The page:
Mitad del Mundo is what it sounds like, the center of the world --- 0°00′07″S 78°27′21″W.

It's supposed to be at 0 degrees latitude but recently they discovered that the real line is around .15 miles north of where they marked. Tourists don't care about that, though, and it's pretty close.

This is where the Northern hemisphere meets the Southern hemisphere, which is quite the concept. This is the equator. It's right, right here...

...right here give or take 240 meters.

Mitad del Mundo is rad --- but also totally, totally a tourist trap which mans it's just overflowing with humans getting pictures taken of themselves over... and over.. and over... and over. It sort of felt awkward, to me. One picture is cool --- but at one point, it seems like the entire point is to have pictures of yourself which isn't, isn't why I travel. I travel to see, to experience. Not sure if I'm expressing this right. Not hating on pictures, but just expanding I don't need that many of myself. They kept offering to take pictures of me and I kept saying, "Naw, I'm ok."

Here's a collection of pictures of pictures being taken:

And here's our crew:

Besides standing on the almost-equator, there was a museum which was pretty interesting. I liked learning about the creation of the monument (behind us --- which is also the 9ish story tall museum). Getting that 9-ton ball on the top was quite the feet back in the early, early 90s.

They made a whole city to go with the monument complete with lots of tourist shops, restaurants, a planetarium, museum, plaza, chapel, and gardens all over.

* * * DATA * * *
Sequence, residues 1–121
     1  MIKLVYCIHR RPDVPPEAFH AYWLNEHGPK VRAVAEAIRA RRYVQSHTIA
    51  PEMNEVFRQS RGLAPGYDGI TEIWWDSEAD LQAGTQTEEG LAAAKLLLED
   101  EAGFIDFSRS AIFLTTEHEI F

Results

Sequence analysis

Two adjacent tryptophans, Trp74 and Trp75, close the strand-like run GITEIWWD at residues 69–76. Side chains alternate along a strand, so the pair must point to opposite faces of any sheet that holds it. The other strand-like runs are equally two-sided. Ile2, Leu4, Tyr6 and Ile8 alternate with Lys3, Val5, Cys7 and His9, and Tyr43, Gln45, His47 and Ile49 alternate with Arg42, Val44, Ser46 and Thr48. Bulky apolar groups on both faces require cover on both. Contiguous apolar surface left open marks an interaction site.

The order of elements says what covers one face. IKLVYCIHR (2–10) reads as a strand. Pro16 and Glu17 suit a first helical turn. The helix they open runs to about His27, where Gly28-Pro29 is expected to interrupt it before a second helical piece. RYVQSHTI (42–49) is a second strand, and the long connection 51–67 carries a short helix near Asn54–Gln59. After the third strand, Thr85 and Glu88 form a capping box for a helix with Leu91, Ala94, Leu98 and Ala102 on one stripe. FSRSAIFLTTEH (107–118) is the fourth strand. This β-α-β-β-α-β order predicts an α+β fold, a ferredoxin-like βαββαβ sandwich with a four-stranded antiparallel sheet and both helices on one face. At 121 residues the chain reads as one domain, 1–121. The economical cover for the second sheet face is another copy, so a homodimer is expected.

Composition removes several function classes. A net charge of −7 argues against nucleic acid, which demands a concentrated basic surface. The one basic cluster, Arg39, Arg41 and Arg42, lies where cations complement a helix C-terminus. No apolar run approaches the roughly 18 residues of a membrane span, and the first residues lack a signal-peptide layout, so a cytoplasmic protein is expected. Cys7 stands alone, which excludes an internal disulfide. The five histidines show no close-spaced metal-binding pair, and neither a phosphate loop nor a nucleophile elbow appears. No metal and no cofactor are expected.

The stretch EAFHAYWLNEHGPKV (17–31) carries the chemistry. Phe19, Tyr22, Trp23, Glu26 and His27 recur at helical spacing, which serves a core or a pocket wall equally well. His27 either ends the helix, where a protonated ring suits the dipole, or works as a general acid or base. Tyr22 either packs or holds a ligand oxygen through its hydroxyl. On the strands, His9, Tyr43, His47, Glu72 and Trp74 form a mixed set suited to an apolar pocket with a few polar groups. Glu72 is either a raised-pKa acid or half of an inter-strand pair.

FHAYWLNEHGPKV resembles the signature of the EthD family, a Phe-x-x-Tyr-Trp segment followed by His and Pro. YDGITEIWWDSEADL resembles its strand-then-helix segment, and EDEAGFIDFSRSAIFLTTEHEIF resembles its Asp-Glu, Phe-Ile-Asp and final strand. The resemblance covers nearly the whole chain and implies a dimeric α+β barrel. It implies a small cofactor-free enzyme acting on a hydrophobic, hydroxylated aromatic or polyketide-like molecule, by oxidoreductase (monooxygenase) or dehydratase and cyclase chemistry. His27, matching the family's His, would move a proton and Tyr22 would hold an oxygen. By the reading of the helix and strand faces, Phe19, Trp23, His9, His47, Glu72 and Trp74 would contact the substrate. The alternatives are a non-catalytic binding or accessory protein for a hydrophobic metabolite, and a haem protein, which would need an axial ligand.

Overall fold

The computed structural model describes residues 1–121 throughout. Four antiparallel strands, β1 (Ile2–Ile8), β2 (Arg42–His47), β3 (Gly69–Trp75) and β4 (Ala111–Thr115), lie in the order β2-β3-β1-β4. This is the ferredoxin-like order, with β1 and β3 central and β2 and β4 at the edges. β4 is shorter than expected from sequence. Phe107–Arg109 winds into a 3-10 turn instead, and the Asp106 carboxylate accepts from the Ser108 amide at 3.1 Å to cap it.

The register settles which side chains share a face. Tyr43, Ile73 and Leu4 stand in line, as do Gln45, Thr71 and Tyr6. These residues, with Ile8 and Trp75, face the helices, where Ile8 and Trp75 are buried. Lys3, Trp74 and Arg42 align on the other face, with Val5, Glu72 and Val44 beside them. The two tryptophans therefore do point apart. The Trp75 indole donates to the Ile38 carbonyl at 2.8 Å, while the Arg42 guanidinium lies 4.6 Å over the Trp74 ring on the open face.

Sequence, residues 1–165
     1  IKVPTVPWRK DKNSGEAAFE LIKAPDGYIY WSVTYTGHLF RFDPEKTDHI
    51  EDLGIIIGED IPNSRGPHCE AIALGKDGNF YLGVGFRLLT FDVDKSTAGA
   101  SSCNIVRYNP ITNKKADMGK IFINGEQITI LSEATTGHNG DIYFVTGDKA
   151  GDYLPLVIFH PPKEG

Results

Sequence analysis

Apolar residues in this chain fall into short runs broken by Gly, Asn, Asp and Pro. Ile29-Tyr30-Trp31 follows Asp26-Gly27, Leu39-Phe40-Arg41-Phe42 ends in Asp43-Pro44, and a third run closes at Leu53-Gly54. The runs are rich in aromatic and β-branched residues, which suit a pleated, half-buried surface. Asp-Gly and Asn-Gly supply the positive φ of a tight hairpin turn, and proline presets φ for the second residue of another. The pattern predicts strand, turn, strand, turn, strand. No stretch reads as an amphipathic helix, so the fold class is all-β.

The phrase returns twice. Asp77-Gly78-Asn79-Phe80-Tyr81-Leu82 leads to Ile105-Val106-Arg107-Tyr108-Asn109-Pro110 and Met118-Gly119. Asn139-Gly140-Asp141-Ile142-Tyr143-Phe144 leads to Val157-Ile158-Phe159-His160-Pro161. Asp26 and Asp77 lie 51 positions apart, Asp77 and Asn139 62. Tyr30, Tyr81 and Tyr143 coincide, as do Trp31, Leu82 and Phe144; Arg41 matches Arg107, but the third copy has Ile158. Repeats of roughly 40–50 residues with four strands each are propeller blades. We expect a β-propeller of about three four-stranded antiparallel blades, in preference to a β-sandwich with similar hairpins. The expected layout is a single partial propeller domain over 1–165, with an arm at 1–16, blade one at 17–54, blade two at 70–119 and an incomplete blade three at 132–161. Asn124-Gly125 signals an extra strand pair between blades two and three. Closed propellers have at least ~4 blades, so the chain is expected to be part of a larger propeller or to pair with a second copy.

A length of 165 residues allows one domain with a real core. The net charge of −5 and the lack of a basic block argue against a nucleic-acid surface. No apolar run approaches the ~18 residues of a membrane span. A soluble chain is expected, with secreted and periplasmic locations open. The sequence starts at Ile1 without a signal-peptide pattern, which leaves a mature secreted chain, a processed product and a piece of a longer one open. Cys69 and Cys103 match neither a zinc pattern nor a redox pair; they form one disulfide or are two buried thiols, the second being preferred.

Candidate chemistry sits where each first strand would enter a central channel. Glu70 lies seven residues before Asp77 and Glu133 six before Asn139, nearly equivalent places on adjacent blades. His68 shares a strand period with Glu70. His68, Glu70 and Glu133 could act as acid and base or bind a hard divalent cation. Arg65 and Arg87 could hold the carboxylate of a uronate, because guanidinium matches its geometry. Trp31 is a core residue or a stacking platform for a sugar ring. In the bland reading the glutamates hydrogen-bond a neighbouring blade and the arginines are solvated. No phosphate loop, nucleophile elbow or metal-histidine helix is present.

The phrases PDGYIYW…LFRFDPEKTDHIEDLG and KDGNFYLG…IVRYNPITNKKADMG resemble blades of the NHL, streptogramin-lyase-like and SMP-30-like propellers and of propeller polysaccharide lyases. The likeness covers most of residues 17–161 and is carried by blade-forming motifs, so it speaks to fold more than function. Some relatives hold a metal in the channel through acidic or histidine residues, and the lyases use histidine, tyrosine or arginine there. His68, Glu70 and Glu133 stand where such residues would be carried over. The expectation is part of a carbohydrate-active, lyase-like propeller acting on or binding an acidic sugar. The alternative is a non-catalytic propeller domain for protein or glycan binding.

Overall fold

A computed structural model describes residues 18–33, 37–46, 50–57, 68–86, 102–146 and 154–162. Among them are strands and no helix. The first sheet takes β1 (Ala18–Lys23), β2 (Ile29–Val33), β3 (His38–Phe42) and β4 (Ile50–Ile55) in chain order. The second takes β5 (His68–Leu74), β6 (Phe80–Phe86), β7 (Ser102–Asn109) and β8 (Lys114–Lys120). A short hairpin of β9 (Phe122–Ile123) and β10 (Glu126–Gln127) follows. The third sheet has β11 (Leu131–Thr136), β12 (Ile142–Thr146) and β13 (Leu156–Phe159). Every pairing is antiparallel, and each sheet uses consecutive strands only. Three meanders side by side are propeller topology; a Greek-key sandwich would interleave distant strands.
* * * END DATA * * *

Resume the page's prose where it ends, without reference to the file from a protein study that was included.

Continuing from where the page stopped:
There was quite a view from the top of the monument. Views from above will never, never get old.

We were coaxed into a restaurant for lunch. I went for a plate that had a few salads on it, fried plantain, boiled corn, a bean soup, and this other thing that I'm awful at describing. When traveling, I generally try to pack in the salads whenever possible because it's so, so easy to eat a lot of foods that make me feel not-so-great as I attempt to try the local dishes. Luckily, Jorge's family eats so, so well and healthy -- lots of fresh vegetables and fruits, so I haven't felt sick once. An hour later, we chased it down with some sorbet. The sorbet I got was from a fruit called "tomate de árbol" which I'd never tasted before.

Exploring Mitad del Mundo was my first attempt, since mono hit me hard, to wander around for a few hours. It was really encouraging! We were definitely on our feet a lot and my energy stayed strong. Even though I've been feeling better than I've felt in a while, I'm still keeping things low-key 'cause that's how mono is. You feel better, push it, and then get sick again. I'm not pushing it - no sir.